Holiday in Central Asia (24): around Khiva in Uzbekistan 

Day 23 found us still staying in Khiva and it was a light day with simply a morning trip to two nearby locations with a local guide called Enessa. 

On the outskirts of Khiva is the Palace of Nurullabay which was built between 1906 and 1912. Like the Summer Palace outside Bukhara, this is a mixture of Eastern and Western or Uzbek and Russian styles. The rooms are largely empty, so one admires the ceramic chimneys, large mirrors and gold-embroidered ceilings. There is a collection of early photographs of the various khans and some of their subjects.  

Further out of town –  north-west towards Urgench –  is a place called Ulli Hovli (Great Court) Fortress. Some three centuries ago, this became home to around 100 Turkmen families who were unhappy living in Turkmenistan and allowed to move to Uzbekistan. In 2014, it was turned into a Turkmen Cultural Centre. Given that our group had been refused entry to Turkmenistan, this was the the best way on this trip to learn something of the Turkmen way of life and the complex includes the breeding of Bactrian camels and Ahalteke horses and access to yurts and crafts.  We had lunch here.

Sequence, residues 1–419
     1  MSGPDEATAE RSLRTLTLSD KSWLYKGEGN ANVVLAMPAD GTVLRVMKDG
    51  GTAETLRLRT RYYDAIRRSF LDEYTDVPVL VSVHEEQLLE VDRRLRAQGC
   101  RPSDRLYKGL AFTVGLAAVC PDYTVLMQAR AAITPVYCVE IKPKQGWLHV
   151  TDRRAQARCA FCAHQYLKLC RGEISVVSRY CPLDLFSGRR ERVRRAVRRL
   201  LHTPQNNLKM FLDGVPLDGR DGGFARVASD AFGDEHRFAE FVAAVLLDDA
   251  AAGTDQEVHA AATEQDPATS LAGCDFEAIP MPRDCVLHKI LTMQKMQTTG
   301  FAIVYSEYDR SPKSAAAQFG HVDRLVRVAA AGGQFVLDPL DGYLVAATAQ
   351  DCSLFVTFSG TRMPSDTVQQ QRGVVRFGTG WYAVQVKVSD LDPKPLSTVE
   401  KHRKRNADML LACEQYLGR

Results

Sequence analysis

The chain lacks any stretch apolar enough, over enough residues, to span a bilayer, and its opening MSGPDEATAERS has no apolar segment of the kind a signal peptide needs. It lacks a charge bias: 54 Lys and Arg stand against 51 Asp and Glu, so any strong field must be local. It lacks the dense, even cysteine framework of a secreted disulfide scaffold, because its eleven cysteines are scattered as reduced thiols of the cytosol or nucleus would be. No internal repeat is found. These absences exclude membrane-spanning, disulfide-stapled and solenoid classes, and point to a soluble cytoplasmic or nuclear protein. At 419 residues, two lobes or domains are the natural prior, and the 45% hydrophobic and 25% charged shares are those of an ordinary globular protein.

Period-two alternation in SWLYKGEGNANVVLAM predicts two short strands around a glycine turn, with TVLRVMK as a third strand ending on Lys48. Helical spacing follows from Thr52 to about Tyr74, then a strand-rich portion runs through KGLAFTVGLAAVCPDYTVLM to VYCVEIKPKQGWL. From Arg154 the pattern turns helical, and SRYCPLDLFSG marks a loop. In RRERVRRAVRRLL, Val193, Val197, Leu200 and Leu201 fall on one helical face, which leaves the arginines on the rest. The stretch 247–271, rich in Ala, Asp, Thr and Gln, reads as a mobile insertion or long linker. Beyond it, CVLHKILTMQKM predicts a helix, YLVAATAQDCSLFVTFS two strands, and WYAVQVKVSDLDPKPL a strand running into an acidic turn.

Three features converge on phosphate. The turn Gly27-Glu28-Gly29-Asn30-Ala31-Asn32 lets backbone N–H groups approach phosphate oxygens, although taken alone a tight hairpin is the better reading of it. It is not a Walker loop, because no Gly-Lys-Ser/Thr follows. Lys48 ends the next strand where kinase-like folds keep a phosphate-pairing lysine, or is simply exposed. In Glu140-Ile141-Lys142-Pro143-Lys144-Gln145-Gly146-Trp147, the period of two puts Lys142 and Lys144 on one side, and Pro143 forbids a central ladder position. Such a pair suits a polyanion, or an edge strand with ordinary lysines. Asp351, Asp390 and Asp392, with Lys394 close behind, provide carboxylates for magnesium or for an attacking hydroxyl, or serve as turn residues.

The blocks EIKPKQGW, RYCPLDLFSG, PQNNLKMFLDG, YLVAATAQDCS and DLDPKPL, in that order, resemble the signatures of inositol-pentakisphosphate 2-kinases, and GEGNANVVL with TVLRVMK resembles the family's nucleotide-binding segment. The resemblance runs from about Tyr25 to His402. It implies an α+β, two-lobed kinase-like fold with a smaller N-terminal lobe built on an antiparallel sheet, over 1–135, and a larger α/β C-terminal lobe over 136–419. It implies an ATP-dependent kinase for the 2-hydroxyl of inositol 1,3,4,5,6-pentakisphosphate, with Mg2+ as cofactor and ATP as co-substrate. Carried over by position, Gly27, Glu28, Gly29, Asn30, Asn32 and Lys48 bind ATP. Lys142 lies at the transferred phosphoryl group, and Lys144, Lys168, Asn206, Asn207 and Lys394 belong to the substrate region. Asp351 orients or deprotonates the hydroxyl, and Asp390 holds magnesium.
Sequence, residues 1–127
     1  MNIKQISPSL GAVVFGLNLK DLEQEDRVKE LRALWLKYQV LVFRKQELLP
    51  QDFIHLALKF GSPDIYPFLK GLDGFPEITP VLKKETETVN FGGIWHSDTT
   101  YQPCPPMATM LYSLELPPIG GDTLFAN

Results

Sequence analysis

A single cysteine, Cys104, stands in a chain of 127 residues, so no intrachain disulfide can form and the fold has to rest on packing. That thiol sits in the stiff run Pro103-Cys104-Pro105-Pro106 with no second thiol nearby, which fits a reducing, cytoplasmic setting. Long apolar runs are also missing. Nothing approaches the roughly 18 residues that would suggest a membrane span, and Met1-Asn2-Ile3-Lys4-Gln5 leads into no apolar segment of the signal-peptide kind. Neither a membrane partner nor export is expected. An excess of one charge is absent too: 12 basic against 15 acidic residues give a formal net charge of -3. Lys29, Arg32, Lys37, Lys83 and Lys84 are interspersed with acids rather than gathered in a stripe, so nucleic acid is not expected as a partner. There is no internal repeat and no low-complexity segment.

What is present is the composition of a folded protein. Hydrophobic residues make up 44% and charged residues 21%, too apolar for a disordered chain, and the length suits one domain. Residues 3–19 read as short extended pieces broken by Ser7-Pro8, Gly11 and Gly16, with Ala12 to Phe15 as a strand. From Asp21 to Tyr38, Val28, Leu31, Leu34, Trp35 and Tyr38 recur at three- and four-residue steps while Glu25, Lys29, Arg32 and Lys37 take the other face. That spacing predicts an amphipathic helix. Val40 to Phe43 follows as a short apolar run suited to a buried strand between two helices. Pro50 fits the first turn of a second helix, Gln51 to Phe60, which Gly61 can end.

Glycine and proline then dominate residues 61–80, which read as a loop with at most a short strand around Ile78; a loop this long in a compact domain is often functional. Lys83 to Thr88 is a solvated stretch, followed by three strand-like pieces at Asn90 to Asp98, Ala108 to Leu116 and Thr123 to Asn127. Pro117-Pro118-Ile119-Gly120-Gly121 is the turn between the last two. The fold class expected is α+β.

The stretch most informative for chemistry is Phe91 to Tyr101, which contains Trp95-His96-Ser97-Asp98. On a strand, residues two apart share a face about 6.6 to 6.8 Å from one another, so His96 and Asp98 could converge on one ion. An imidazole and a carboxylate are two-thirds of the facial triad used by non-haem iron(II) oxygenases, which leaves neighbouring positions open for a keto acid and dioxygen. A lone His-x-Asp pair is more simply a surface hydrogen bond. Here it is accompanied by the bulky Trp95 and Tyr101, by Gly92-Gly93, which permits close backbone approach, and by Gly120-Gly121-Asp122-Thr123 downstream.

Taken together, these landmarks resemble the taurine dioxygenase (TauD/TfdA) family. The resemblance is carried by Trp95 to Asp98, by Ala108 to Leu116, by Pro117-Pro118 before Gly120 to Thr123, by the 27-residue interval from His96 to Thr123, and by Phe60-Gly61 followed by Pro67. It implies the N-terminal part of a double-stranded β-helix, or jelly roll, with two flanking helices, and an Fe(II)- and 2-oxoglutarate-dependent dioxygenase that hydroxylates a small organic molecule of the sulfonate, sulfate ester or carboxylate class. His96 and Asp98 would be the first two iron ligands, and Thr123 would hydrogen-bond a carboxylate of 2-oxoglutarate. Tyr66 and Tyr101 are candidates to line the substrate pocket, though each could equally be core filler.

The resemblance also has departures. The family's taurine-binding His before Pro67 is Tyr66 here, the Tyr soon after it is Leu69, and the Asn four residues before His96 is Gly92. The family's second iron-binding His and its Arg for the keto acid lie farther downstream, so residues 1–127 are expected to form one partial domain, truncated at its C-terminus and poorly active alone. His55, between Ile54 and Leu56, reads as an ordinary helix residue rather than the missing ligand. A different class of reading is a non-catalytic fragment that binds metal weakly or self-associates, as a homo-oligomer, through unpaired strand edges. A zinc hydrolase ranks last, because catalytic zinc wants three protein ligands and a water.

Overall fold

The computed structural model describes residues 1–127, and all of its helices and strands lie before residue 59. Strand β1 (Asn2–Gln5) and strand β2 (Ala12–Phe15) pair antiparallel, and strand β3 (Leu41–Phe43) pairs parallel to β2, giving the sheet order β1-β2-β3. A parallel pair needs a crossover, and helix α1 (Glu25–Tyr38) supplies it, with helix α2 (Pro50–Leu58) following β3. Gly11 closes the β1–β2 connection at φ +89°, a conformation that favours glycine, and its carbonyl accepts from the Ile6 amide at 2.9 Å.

After free time in the afternoon, we returned to the walled city for dinner at a restaurant called ”Odilbek”. This evening, we were treated to a display of traditional music and dance called ‘lazgi’. There were five men performing string, drum and pipe instruments and three dancers – two brightly dressed women and a young boy – presenting narratives dances. I was prevailed upon to represent the British by joining in one of these dances. 


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